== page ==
Authors

Newspaper Title

Sun

Publication Date

5-23-1856

Publication Place

Baltimore,Maryland

Event Topic

Sumner Caning

Political Party

American

Region

slave state

Quote

Scarcely a session of Congress passes in which the public ear is not abused with violence of some sort in one or other of the houses of Congress, or among the members elsewhere.

Document Type

Article (Journal or Newsletter)

Full Text Transcription

Scarcely a session of Congress passes in which the public ear is not abused with violence of some sort in one or other of the houses of Congress, or among the members elsewhere. Senator Sumner, immediately after the adjournment of both Houses, yesterday, was attacked and knocked down with a cane by Mr. Brooks, a member of the House of Representatives from South Carolina.

The cause of this outrage both upon the Senator and upon the sanctity of the Senate hall was, it appears, "words spoken in debate" by Mr. Sumner in a very elaborate, and evidently well studied speech, which he delivered on Monday and Tuesday last, on the Kansas and slavery subject, and in which he indulged, directly, in such character of personal allusions and comparisons as to call forth from Mr. Cass immediately thereafter, the declaration that he regarded it as the most un-American and unpatriotic speech that he had ever heard upon that floor, and he hoped he might never hear such another there or elsewhere." It also elicited denunciatory rejoinders from Messrs. Douglas, of Ill., and Mason, of Va., as shown in the sketch of the debate given in the Sun the following day. Mr. Sumner had spoken of the Kansas measure as the crime of crimes, and treated its friends as the blackest of criminals, and as showing in part the alleged provocation for the present assault, we make the annexed extract from the more full report:

Before entering upon the argument, I must say something of a general character, particularly in response to what has fallen from senators who have raised themselves to eminence on this floor in championship of human wrongs; I mean the senator from South Carolina, (Mr. Butler), and the senator from Illinois, (Mr.Douglas, who, though unlike as Don Quixote and Sancho Panza, yet, like this couple, sally forth together in the same cause. The senator from South Carolina has read many books of chivalry, and believes himself a chivalrous knight, with sentiments of honor and courage. Of course he has chosen a mistress to whom he has made his vows, and who, though ugly to others, is always lovely to him; though polluted in the sight of the world, is chaste in his sight -- I mean the harlot, Slavery. For her his tongue is always profuse in words. Let her be impeached in character, or any proposition made to shut her out from the extension of her wantonness, and no extravagance of manner or hardihood of assertion is then too great for this Senator. The frenzy of Don Quixote in behalf of his wench Dulcinea del Toboso is all surpassed. The asserted rights of slavery, which shock equality of all kinds, are cloaked by a fantastic claim of equality. If the Slave States cannot enjoy what in mockery of the great fathers of the Republic, he misnames equality under the Constitution -- in other words, the full power in the National Territories to compel fellow men to unpaid toil, to separate husband and wife, and to sell little children at the auction-block -- then, sir, the chivalric Senator will conduct the State of South Carolina out of the Union! heroic knight! Exalted senator! A second Moses come for a second Exodus!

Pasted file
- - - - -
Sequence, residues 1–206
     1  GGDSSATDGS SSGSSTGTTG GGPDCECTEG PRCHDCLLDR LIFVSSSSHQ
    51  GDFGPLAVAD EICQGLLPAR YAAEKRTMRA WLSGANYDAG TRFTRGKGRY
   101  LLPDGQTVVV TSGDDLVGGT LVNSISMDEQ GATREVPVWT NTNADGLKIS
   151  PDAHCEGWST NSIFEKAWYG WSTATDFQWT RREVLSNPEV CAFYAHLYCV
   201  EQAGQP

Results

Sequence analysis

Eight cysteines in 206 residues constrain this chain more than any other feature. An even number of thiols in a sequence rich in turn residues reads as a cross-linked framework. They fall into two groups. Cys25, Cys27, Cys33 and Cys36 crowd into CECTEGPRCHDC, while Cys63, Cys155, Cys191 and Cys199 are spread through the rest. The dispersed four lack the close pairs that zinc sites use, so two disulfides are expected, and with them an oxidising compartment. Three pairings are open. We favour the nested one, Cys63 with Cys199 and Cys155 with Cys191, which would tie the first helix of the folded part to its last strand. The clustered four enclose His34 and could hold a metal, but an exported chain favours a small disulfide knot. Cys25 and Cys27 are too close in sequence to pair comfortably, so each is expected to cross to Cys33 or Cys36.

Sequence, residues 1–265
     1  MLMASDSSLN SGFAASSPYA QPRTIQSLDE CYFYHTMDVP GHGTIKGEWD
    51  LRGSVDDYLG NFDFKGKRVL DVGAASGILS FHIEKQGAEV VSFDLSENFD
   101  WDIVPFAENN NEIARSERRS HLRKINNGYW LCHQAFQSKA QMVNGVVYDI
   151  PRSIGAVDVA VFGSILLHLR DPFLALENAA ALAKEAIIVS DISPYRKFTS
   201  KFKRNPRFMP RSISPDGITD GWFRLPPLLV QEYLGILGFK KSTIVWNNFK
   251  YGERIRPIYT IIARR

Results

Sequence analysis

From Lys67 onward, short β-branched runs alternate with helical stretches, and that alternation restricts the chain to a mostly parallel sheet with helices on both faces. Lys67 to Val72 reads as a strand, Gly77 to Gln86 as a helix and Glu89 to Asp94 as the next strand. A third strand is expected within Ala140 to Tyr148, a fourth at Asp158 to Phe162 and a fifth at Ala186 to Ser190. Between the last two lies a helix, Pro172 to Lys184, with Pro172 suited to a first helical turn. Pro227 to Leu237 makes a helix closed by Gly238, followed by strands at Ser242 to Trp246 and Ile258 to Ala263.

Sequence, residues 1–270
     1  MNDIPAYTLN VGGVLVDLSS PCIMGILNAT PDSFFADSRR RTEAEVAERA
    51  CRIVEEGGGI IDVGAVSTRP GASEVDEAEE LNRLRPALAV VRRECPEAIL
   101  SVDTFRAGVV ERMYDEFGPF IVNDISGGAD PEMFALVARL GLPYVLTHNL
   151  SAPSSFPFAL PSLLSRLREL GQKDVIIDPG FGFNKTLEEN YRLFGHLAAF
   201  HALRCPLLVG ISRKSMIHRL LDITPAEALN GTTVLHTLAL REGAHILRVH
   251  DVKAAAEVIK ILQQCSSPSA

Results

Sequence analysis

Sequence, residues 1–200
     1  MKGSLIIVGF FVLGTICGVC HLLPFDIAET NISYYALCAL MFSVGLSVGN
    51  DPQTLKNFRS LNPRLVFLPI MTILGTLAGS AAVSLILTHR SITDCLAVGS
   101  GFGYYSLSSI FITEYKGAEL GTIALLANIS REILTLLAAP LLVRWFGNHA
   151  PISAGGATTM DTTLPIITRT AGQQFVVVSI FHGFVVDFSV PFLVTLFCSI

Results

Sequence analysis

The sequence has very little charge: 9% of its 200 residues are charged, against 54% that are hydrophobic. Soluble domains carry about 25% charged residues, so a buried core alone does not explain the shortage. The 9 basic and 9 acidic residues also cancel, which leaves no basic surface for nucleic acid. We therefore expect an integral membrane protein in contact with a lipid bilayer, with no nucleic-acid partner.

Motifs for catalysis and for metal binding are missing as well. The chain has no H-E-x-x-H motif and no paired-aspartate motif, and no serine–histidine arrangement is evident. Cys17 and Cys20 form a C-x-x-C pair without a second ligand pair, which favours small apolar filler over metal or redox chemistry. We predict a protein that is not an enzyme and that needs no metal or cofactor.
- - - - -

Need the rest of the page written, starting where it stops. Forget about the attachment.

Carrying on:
The speech further proceeds to portray Mr. Butler as a "sectionalist," on the ground of slavery being sectional, and next as a "fanatic" -- reversing thus the charges applied to northern anti-slavery men.

Edited/Proofed by

Entered by Lloyd Benson. Proofed by James Cash

Identifier

mdbssu560523a

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Violence in the Senate Chamber.

Scarcely a session of Congress passes in which the public ear is not abused with violence of some sort in one or other of the houses of Congress, or among the members elsewhere.